TRAVEL Reviews

‘Bells of Shangri-La — Scholars, Spies, Invaders in Tibet’ review: On the steps of intrepid travellers

Parimal Bhattacharya’s Bells of Shangri-La: Scholars, Spies, Invaders in Tibet opens with a vivid description of Shimla that a person familiar with the hill town would savour. In fact the first few pages are devoted to descriptions: of Mall Road, an antique bookstore, a kabari store in another hill town (Darjeeling).

‘There was a river!’

In the antique bookshop, Bhattacharya finds a copy of the Report of Pandit Kinthup’s Exploration of Yarling Tsangpo — priced at a whopping ₹18,000 — which leads him into his own explorations of how Tibet was ‘discovered’ by the British. “I felt like the marriage guest in Coleridge’s ‘Rime of the Ancient Mariner’. The ancient mariner... clasps the marriage guest’s wrist and snaps: ‘There was a ship!’...And here a dowdy tailor had emerged from the pages of yellowing documents and had gripped my mind with the words, ‘There was a river!’”

Bhattacharya does not just recount the history of the exploration — beginning with Kinthup’s exploration of the Tsangpo in the early 1880s, which confirmed that this was the river Indians knew as the Brahmaputra, to Sarat Chandra Das’ trips to Tibet and their grisly conclusion — he intersperses it with his own travels along the paths the intrepid explorers took giving the reader a sense of then and now along with eye-witness accounts of Sikkim’s initiatives to develop tourism.

Bhattacharya also tracks down Sarat Chandra Das’ relatives; as they evade his calls and miss appointments, he suspects they were holding back “some dark secret.” In an anti-climax, he finds that “they didn’t have anything to show.”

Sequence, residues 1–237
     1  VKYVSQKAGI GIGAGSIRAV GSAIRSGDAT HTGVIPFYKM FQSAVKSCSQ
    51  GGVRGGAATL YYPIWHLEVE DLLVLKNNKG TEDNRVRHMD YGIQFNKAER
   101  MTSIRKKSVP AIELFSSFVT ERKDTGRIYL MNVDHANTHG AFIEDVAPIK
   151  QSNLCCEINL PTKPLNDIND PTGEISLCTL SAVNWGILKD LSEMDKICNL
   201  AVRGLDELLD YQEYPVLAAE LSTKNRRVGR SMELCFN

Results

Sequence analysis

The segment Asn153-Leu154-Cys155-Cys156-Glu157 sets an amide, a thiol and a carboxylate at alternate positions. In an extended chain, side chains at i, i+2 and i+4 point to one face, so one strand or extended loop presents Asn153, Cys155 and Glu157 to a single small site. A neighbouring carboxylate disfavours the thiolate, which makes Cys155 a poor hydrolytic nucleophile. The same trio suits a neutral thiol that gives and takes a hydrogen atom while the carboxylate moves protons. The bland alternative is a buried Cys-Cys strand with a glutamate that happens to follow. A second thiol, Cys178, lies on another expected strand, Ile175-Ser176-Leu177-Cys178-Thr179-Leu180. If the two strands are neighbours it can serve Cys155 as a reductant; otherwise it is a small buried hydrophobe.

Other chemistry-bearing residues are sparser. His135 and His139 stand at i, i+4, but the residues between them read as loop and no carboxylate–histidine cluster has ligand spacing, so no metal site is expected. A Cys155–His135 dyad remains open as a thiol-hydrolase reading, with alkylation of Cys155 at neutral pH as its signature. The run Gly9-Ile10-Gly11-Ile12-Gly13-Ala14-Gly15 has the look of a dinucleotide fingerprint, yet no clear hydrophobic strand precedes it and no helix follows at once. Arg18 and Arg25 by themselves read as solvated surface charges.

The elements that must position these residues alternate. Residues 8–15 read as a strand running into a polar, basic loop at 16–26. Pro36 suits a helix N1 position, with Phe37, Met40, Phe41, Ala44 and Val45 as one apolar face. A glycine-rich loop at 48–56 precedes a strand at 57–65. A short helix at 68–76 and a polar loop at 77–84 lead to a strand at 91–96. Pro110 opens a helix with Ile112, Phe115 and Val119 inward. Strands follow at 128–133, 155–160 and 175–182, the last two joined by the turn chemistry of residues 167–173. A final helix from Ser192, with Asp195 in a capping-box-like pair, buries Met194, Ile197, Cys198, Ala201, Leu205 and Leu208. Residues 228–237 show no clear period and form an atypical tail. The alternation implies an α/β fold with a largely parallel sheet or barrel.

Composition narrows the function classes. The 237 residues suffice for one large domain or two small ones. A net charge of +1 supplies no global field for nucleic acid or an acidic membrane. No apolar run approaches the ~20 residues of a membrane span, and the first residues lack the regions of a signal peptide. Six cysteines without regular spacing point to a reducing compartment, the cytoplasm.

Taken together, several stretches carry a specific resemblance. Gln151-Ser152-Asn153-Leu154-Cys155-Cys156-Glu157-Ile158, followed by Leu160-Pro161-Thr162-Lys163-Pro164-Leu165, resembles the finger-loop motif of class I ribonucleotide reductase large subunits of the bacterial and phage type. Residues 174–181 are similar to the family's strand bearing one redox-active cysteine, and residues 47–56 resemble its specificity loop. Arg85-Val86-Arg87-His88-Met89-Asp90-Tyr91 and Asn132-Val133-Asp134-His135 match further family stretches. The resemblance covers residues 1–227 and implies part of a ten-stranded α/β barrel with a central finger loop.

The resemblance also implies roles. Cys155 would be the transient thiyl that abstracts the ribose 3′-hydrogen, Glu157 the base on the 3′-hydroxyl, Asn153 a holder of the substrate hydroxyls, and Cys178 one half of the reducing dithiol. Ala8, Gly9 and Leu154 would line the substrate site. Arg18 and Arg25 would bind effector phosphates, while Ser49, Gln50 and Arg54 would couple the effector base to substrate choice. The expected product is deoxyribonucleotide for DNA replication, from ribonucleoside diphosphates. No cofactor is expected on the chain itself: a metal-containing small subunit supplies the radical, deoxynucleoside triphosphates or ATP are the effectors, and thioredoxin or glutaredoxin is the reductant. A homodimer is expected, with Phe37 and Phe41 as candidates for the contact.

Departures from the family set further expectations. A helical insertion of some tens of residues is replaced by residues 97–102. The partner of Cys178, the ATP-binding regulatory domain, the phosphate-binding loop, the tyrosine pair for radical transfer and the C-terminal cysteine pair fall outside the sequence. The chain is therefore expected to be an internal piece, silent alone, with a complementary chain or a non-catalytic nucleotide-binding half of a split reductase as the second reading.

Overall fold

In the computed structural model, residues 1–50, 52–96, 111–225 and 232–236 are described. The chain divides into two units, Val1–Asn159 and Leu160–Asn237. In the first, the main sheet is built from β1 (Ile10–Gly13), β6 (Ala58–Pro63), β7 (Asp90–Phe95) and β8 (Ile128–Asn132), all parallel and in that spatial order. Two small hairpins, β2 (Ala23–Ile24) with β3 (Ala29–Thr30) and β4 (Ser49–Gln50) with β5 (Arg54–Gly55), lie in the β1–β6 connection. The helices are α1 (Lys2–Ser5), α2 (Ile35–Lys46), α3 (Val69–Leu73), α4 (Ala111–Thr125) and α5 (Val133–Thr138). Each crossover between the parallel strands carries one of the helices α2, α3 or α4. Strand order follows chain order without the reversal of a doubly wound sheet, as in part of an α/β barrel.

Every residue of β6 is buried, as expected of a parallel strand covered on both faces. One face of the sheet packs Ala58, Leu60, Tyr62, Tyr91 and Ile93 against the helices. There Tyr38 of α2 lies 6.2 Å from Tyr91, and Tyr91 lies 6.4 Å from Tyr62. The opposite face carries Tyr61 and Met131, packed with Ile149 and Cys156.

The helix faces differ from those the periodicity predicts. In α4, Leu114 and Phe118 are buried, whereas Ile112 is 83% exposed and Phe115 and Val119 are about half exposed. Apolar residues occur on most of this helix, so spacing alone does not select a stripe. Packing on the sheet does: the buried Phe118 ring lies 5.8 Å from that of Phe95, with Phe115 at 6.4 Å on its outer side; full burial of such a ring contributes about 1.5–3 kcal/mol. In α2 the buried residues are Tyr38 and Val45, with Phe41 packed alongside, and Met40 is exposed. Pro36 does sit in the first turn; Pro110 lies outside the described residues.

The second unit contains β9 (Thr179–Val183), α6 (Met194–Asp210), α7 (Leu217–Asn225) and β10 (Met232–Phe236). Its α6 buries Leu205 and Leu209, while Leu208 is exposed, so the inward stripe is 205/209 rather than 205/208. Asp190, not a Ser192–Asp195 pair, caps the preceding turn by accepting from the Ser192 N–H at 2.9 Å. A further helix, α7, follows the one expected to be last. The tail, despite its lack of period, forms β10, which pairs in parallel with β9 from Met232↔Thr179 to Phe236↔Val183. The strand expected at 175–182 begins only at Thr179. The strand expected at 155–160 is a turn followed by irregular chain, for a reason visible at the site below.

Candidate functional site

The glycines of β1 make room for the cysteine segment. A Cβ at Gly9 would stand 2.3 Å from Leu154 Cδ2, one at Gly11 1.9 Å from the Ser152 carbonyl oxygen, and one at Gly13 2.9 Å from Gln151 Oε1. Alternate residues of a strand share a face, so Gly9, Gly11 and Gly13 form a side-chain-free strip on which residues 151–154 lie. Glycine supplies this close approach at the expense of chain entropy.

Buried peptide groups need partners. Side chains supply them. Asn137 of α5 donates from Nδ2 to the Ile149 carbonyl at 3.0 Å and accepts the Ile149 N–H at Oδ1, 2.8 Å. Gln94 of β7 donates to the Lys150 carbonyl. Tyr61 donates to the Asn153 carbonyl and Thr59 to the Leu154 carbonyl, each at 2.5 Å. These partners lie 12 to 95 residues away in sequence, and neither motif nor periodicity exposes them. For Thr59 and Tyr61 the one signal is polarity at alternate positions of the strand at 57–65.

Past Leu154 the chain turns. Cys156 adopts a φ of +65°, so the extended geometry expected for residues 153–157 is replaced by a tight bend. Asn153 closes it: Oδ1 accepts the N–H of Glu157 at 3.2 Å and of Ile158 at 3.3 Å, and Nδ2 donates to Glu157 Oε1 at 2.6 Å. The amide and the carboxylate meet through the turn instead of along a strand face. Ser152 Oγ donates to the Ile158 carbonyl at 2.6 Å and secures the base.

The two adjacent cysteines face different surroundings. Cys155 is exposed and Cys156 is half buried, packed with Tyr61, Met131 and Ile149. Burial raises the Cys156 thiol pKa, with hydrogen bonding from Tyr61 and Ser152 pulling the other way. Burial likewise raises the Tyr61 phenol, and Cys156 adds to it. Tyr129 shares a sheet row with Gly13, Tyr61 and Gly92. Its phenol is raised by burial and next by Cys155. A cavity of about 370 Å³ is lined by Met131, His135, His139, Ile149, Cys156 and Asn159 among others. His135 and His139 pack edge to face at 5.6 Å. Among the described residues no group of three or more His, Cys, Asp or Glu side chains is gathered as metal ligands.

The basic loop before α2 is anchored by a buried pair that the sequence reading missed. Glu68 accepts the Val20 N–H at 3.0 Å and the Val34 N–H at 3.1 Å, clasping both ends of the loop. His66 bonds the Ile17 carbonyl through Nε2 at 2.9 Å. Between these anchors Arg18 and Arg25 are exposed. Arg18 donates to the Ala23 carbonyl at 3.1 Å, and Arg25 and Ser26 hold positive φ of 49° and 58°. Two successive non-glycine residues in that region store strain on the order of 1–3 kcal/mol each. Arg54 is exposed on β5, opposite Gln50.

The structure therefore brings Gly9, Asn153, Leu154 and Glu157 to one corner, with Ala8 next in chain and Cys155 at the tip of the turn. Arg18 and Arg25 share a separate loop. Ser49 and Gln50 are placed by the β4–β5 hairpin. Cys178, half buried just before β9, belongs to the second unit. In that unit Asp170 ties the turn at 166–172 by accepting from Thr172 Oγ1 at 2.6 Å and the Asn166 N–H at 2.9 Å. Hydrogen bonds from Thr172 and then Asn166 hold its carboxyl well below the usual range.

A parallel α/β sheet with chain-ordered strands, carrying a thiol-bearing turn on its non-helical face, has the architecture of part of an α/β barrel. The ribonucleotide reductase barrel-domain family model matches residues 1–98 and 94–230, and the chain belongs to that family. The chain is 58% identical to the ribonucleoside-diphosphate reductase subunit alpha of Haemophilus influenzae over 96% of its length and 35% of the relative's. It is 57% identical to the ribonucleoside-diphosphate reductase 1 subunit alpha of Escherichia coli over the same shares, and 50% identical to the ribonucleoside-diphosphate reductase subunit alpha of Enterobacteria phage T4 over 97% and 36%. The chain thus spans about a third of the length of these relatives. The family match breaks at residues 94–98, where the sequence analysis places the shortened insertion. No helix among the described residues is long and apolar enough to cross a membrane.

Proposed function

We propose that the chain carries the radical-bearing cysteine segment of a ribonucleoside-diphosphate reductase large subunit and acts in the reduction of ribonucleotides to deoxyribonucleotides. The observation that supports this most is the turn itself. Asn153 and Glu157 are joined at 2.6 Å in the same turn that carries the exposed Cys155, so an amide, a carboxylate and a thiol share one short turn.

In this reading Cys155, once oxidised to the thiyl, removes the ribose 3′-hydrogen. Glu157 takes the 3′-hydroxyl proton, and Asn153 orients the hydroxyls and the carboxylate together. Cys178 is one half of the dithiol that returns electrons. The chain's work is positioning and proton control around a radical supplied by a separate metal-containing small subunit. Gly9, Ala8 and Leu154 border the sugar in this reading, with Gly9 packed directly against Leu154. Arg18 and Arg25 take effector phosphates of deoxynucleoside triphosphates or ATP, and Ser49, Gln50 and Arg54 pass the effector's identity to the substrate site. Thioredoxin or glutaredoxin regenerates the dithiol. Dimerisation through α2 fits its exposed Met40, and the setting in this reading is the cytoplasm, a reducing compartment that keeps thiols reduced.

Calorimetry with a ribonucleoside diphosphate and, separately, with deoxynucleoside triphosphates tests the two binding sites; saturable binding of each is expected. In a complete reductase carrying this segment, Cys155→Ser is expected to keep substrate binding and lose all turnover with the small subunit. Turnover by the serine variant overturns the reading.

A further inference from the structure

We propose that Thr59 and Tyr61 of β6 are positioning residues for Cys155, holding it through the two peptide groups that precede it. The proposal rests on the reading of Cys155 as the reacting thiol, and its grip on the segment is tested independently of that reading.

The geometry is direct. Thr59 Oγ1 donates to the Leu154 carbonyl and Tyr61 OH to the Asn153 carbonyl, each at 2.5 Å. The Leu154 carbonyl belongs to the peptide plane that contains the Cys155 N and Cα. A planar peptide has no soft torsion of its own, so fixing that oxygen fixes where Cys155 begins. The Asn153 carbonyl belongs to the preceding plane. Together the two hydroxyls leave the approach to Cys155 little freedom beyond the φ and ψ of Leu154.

Sarat Chandra Das came back to some measure of success. A trained civil engineer he had brought back a huge wealth of knowledge in the form of “topographic data, draft maps and glass plate negatives.” Unfortunately Kinthup, who had been sold off as a slave and barely managed to escape with his life, was not believed when he came back. He returned to his tailor’s shop and had to wait until the Bailey-Morshead mission confirmed his findings.

In the final pages, Bhattacharya finds himself in Arunachal Pradesh as he travels in Bailey’s footsteps.

Stranded in a village due to snowfall, he finds a veteran of the Indo-China war and hears a sorry tale of young men from the “flat green plains of north India” who “had come this far, to these lonely mountains, only to die.”

Bells of Shangri-La: Scholars, Spies, Invaders in Tibet; Parimal Bhattacharya, Speaking Tiger, ₹450.

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Printable version | Aug 8, 2020 3:57:18 PM |

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